Why Earth’s life-friendly climate makes it exceptional - and what that means for the likelihood of finding intelligent extraterrestrial life
We have long fantasized about finding life on planets other than our own. Yet even as we become aware of the vast expanses beyond our solar system, it remains clear that Earth is exceptional. The question is: Why? In Lucky Planet, astrobiologist David Waltham argues that Earth’s climate stability is what makes it uniquely able to support life, and it is nothing short of luck that made such conditions possible. The four-billion-year stretch of good weather that our planet has experienced is statistically so unlikely that chances are slim that we will ever encounter intelligent extraterrestrial others. Citing the factors that typically control a planet’s average temperature - including the size of its moon, as well as the rate of the Universe’s expansion - Waltham challenges the prevailing scientific consensus that Earth-like planets have natural stabilizing mechanisms that allow life to flourish.
A lively exploration of the stars above and the ground beneath our feet, Lucky Planet seamlessly weaves the story of Earth and the worlds orbiting other stars to give us a new perspective of the surprising role chance plays in our place in the universe.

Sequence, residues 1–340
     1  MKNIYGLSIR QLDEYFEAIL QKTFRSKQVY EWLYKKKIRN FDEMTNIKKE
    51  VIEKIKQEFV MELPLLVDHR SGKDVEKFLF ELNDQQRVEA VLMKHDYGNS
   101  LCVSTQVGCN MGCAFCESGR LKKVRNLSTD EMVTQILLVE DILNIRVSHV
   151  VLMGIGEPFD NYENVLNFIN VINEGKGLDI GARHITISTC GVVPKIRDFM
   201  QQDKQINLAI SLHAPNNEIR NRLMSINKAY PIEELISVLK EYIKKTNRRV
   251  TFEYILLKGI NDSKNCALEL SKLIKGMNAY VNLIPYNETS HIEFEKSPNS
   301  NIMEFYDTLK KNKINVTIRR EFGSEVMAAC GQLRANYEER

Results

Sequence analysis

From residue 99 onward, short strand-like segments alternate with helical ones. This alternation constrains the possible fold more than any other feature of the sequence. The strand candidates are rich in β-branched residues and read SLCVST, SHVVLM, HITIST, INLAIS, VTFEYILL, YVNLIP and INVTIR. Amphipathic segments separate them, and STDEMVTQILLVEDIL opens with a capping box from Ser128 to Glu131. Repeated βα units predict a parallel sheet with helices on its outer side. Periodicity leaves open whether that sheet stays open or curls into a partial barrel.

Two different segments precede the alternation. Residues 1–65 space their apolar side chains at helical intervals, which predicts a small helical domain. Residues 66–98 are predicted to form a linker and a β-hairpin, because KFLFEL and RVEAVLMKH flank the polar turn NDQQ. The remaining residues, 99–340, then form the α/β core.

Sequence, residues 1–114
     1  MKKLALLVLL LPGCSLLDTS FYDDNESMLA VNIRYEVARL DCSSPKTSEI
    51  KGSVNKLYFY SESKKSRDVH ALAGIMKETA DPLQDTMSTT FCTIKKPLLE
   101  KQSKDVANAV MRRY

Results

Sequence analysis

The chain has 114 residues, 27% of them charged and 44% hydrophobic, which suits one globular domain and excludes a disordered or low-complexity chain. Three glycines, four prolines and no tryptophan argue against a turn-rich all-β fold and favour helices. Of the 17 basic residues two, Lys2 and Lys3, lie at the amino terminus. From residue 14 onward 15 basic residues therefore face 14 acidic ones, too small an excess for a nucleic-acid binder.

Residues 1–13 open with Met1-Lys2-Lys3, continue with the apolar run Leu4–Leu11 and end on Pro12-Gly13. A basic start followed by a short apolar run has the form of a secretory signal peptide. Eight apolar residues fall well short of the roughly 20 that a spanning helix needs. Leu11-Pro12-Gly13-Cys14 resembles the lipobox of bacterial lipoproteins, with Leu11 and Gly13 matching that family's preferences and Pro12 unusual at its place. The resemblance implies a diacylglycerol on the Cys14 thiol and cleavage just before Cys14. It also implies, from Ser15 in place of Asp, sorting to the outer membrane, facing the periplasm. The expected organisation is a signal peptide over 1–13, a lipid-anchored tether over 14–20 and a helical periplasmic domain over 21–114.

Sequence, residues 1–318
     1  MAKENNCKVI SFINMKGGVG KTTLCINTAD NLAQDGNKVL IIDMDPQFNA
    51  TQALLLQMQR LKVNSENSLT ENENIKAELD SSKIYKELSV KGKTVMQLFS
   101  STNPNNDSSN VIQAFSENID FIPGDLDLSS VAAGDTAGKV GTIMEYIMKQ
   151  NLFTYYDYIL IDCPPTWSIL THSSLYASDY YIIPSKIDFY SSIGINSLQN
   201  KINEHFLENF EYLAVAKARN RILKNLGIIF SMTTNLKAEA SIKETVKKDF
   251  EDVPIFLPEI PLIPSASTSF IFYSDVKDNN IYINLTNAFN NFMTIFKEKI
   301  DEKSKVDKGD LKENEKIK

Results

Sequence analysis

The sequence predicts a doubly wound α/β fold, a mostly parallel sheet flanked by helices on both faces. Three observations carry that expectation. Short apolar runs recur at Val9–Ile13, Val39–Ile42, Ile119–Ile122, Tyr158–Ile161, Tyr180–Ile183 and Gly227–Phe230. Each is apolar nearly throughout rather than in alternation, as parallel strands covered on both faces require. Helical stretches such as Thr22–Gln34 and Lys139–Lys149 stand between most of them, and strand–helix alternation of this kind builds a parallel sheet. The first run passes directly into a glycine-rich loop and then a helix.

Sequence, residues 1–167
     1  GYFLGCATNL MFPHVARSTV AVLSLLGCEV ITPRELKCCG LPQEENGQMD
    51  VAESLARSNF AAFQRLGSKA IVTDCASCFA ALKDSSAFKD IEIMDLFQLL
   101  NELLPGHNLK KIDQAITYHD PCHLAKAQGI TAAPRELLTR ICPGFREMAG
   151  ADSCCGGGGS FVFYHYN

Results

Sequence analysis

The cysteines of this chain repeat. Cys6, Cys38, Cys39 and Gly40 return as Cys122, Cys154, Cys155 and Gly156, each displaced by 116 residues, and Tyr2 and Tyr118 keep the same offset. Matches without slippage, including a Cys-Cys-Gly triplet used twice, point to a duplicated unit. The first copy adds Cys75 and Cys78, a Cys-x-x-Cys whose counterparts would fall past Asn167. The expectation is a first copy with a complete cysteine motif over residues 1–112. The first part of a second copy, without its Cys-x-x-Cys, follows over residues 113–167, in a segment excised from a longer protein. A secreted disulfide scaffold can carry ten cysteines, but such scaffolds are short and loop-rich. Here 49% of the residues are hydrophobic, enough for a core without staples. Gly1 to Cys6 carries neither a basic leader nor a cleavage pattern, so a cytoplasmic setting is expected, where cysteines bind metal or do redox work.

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Any fan of Science books will enjoy
Wordy blathering barely-organized, etc
Interesting topic here,and I am an avid reader of layman science. But I didn't like this book. The book does make occasional points but it's darn hard work to get to them. There's just so many blind alleys and only somewhat related digressions that I grew impatient listening to a book only half the length of the usual book I buy. The author also treats the reader as though she/he has never remotely heard of any of the ideas or theories covered, adding to the tedium. There are better ways to introduce ideas to the uninformed while keeping the interest of the rest of us. Finally, the narrator sounded quite amateur, putting way too much "oh wow!" emphasis all over the place, while adding unnatural cadence. Frankly, I had to stop listening at the 6hour mark.
- Russell T. Stauffer